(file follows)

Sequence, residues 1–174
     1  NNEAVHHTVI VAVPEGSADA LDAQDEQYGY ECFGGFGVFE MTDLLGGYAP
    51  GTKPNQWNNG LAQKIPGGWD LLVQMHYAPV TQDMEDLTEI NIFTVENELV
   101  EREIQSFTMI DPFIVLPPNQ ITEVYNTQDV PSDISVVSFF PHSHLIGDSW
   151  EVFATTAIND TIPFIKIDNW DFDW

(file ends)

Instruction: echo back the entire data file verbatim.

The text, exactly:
Sequence, residues 1–174
     1  NNEAVHHTVI VAVPEGSADA LDAQDEQYGY ECFGGFGVFE MTDLLGGYAP
    51  GTKPNQWNNG LAQKIPGGWD LLVQMHYAPV TQDMEDLTEI NIFTVENELV
   101  EREIQSFTMI DPFIVLPPNQ ITEVYNTQDV PSDISVVSFF PHSHLIGDSW
   151  EVFATTAIND TIPFIKIDNW DFDW